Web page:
As noted above, the UCTR won’t apply where the contract forms part of a trading relationship that exceeds $250K pa. Where a contract is for less than that $250K pa but there’s more than one contract between the parties on substantially the same terms, and the annual price/income/rental etc under the contracts is specified to be more than $250K or it’s likely when the first of those contracts was entered into that the annual price/income/rental etc under the contracts would exceed $250K pa, none of the contracts will be deemed to be small trade contracts.
If the contract is a standard form small trade contract, the key issue is whether any term of the contract is unfair. A term can be declared to be unfair if it:
- would cause a significant imbalance in the parties’ rights and obligations arising under the contract and
- isn’t reasonably necessary in order to protect the legitimate interest of the party who would be advantaged by the term, and
- would cause detriment (either financial or otherwise) to a party if it were applied, enforced, or relied on.
Relevant to those matters is a consideration of the whole contract (an apparently unfair term might be justifiable when read in the context of all of the terms of the contract) and how transparent terms are.
Many common contract terms have the potential to be unfair in a standard form consumer or small trade contract e.g. a right in a party to vary terms unilaterally (especially if the other party doesn’t have a right to cancel without penalty), wide exclusion and limitation of liability clauses (including as to representations made by agents), and automatic renewal clauses (it’s important to note that a number of other examples could be given).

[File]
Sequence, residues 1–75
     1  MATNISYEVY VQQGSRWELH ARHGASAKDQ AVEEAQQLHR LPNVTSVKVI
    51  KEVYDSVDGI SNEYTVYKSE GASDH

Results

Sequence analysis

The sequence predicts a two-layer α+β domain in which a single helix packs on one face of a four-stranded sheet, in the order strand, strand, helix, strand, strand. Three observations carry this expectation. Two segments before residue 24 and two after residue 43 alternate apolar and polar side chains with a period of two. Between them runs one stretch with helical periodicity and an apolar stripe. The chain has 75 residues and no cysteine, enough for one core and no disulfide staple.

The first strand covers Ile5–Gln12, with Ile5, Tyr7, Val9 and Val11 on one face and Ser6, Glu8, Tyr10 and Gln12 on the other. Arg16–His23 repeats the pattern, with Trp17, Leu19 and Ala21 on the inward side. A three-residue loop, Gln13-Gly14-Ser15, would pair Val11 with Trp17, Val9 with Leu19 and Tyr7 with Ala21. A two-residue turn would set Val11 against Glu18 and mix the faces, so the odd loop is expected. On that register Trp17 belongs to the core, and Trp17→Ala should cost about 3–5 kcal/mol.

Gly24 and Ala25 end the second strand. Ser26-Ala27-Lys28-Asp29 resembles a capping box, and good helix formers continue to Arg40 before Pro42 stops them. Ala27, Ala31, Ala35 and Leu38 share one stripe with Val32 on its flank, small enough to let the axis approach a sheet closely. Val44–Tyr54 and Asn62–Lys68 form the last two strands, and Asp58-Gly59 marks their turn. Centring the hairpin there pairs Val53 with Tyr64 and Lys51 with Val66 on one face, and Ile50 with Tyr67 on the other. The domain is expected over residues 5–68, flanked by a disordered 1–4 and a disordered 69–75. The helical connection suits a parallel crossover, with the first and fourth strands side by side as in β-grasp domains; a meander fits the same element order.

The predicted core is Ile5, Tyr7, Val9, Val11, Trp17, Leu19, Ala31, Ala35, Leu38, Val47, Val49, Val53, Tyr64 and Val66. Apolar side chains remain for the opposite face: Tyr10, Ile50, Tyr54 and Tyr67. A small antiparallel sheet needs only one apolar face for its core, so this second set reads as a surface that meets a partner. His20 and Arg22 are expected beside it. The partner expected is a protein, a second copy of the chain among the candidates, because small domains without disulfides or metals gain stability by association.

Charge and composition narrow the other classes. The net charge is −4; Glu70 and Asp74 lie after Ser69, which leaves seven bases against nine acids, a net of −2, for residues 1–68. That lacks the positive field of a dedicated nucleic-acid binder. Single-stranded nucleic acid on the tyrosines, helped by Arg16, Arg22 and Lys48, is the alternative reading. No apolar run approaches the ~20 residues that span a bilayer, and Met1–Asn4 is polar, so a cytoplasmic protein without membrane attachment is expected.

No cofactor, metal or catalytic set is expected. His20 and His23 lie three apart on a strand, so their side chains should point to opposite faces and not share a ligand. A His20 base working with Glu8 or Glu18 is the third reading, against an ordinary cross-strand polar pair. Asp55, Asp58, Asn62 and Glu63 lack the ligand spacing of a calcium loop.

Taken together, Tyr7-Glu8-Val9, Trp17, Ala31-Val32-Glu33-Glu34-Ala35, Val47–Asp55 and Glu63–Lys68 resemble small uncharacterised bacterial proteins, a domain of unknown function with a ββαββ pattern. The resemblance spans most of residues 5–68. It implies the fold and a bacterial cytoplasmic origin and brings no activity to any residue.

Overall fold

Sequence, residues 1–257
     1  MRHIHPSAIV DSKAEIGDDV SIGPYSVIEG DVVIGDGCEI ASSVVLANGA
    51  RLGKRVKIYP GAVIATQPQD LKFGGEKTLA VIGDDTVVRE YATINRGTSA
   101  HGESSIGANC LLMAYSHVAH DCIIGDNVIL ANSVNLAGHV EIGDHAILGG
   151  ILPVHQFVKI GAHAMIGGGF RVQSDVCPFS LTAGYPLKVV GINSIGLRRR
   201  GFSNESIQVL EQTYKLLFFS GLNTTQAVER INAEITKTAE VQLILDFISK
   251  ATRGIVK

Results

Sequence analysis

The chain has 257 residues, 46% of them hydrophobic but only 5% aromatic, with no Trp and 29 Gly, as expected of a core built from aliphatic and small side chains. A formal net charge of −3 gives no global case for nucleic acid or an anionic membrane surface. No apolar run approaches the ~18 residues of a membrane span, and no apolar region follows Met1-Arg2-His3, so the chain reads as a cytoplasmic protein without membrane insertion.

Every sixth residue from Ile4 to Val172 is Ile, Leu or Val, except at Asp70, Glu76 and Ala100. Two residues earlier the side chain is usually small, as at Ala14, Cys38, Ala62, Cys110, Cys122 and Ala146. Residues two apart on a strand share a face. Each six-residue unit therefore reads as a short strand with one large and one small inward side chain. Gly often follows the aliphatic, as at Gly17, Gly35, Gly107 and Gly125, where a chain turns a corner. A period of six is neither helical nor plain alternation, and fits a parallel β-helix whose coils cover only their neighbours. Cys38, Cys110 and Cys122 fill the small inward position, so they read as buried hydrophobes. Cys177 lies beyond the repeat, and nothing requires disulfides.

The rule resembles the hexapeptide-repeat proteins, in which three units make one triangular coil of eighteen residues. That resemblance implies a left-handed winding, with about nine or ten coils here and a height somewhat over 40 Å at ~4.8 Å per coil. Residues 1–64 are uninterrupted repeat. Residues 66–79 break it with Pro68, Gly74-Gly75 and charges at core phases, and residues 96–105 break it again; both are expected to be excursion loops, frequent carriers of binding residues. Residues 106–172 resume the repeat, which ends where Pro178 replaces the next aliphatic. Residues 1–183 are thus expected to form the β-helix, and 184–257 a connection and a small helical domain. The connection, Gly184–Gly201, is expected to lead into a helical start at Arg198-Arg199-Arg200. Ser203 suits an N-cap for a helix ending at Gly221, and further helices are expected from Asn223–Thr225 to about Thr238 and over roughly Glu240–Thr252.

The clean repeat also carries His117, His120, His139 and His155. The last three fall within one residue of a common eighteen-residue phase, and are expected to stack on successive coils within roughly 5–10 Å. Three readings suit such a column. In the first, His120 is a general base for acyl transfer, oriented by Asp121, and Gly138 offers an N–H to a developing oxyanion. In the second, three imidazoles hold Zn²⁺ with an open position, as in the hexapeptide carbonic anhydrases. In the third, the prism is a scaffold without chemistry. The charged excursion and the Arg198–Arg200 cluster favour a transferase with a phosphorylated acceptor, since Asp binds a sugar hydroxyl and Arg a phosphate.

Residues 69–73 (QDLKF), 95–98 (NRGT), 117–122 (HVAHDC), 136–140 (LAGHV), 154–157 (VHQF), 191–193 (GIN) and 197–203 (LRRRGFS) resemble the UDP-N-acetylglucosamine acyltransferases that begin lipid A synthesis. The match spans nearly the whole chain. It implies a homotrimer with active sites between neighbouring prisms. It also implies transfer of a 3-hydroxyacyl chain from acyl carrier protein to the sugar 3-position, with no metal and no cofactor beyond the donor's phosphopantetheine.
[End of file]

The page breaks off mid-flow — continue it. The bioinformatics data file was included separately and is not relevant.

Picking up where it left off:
On the other hand, terms expressly permitted by other legislation can’t be unfair contract terms e.g. some limitations of liability on the part of couriers.
The Commerce Commission has released guidelines on the UCTR (in so far as it currently applies to standard form consumer contracts), which can be downloaded from the CC website. New guidelines may be issued as result of the extension of the regime to standard form small trade contracts.
B2B Standard form Consumer Contracts and Standard form Small Trade Contracts
As noted above, the UCTR currently applies to standard form consumer contracts, which can include B2B contracts e.g. where a supplier supplies goods or services that are ordinarily acquired for personal household or domestic use to a business, even though the goods or services are also ordinarily acquired for business purposes e.g. non-commercial fridges, computers, etc, UNLESS, for example, the business customer acquires the goods or services for re-supply e.g. the customer is a retailer. Despite prompts from contract lawyers and business lawyers, many businesses have ignored the UCTR, often deliberately opting not to have their contracts reviewed. Now, businesses also have to think about standard form small trade contracts.
Where the UCTR may apply, businesses should have their forms of contract reviewed to eliminate, as far as possible, terms that are likely to be deemed to be unfair terms. In relation to both consumer contracts and small trade contracts, a business might decide to have a specific form of contract, as well as having their “normal” where the contract would be outside the UCTR.
What is the consequence of a term being deemed to be unfair under the UCTR?
Not only would an unfair contract term not be enforceable, but the party whose contact the term is in can be liable to a fine (up to $200K if the business is an individual, and up to $600K if the business is a body corporate), and be liable to refund money or pay damages, if it continues to use the term once it has been declared to be unfair.